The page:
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By Emil Danielyan
Official Yerevan confirmed Wednesday its intention to send military doctors and demining troops to Iraq in a move that will make Armenia part of the U.S-led multinational force trying to stabilize the country after the ouster of Saddam Hussein.

It also condemned Tuesday’s bombing of the United Nations headquarters in Baghdad which killed at least 20 people, including the top U.N. envoy in Iraq.

“Armenia intends to participate in the post-war reconstruction operations in Iraq by, among other things, sending medical officers and a platoon of sappers who are in great need given the existing situation in that country,” Foreign Ministry spokeswoman Dziunik Aghajanian told RFE/RL.

Aghajanian said Armenia promised to join the U.S.-led stabilization force “months ago” and has since been discussing with Washington the logistics of the operation. “The dates and conditions for the dispatch of the personnel in question are being clarified and ascertained,” she said, adding that Yerevan is also in talks with the government of Kuwait over the transit of its servicemen through Kuwaiti territory.

The chief of staff of the Armenian army, Colonel-General Mikael Harutiunian, likewise told RFE/RL on Tuesday that negotiations with the Americans are continuing and that “this issue has not yet been finally resolved.”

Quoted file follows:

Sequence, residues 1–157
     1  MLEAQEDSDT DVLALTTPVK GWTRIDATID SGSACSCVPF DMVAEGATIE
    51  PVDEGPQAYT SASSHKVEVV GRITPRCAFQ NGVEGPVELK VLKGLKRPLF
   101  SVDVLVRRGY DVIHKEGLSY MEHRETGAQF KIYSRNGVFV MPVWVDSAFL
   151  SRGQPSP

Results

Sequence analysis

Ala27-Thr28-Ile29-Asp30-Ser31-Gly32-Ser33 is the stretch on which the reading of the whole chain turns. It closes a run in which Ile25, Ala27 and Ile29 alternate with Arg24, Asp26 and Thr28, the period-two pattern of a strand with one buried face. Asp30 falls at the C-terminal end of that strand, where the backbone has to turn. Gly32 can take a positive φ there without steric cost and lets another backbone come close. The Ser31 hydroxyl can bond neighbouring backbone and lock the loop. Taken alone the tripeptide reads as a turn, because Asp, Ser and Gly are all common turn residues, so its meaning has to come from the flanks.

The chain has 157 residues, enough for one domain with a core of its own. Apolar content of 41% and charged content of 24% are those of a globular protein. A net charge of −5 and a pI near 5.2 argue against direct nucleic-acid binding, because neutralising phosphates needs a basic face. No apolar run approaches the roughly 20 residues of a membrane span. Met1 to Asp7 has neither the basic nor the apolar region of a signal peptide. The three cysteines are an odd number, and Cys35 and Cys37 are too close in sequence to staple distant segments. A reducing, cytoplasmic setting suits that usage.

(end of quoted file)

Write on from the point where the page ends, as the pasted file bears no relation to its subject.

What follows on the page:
Armenia had initially opposed unilateral U.S military action in Iraq not mandated by the UN, but eventually welcomed the overthrow of Saddam’s regime, saying that it only feared for the security of Iraq’s Armenian community. Its plans to join the coalition forces were first made public by the Armenian embassy in Washington on Monday, several days after dispatch to Iraq of about 150 peacekeeping troops from arch-rival Azerbaijan.

Those plans do not seem to have been affected by increased security concerns that followed the truck bomb explosion in Baghdad. In a statement, Foreign Minister Vartan Oskanian denounced the “outrageous attack.” “We mourn the loss of Sergio Vieira de Mello who as Kofi Annan’s personal representative there personified the UN resolve to support the Iraqi people in the development of a sovereign and independent Iraq,” he said.

Oskanian also expressed concern for the health of Benon Sevan, the Armenian-American director of the UN's oil-for-food program, who was injured in the bombing.

(AP-Photolur photo: A U.S. soldier walks through the dust as a destroyed vehicle is removed from the site of Tuesday's bombing in Baghdad.)
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